North Cascades 1968 with the Explorers Club of Pittsburgh
4. Views from the Summit of Bonanza Peak

Looking down at Company Glacier from the summit of Bonanza Peak September 1968
This is the breathtaking view northeast and down onto Company Glacier from the summit of Bonanza Peak.  There's about 5500 feet elevation difference from the summit down to the valley floor at top right.

The summit of Bonanza Peak is about the right size for two people to mill around on the rockpile.  One can literally look down in all directions without moving more than a couple of feet in each direction.  We were the first party to climb the mountain that year (September 1968).
Looking across the southeast ridge of Bonanza Peak from the summit September 1968
Looking across the southeast ridge of Bonanza Peak from the summit towards Dumbell Peak. 

Note the alpine flowers on the rocks in the foreground.

I remember lots of great views, but I neglected to shoot them !  After we started down in rapidly failing sunlight ...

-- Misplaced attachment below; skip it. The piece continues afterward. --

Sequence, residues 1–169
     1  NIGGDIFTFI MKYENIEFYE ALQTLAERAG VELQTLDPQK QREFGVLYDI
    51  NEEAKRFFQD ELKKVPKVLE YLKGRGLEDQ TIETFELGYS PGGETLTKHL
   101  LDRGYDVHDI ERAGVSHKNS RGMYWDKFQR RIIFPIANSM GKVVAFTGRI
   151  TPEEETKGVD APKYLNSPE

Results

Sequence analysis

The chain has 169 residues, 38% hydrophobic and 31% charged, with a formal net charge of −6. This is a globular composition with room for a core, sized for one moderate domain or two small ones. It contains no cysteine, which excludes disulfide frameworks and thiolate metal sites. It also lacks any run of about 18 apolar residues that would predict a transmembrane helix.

The image below shows
the route of our climb the morning after.  We came down essentially along the skyline, only (literally) dropping off the rock when it looked as though the transition would become more difficult, the farther down we got.  This necessitated a rappel off a 50-foot cliff into the moat between the rock and the Mary Green Glacier.  Mike went first; I belayed.  After he rapelled down, Mike called up to me and said that he had touched an eight-foot-diameter rock in the moat ... and it fell over.  Fortunately, not on Mike.  When I came down, leaving behind a carabiner, as I did not have any slings, and I did not trust to be able to pull the rope through the hole in the piton, I discovered that we were faced with a twenty-foot vertical snow cliff. 
Bonanza Peak across Holden Lake September 1968
In order to ascend the snow cliff, I used a technique about which I had read, but which I hadn't tried.  First, I pushed my ice axe horizontally into the not-so-tightly packed snow.  Then I chinned myself on it, kicked in the points of my crampons, shoved my left arm up to the shoulder into the snow, and reached up to push the ice axe into the snow again with my right hand.  I then repeated this process relatively few times and rapidly gained the snowfield above.  Mike passed our packs up to me and I belayed him up in essentially the same fashion.  It turned out not to be any crisis at all, and was downright enjoyable.
Twilight view of Bonanza Peak across Holden Lake September 1968
This is the same view at twilight the day before.  Note that the 500-foot water fall just left of center is flowing freely. 

Compare with the same place the second morning, after our climb, above.  The sun has not yet started up the melting process again to feed that stream.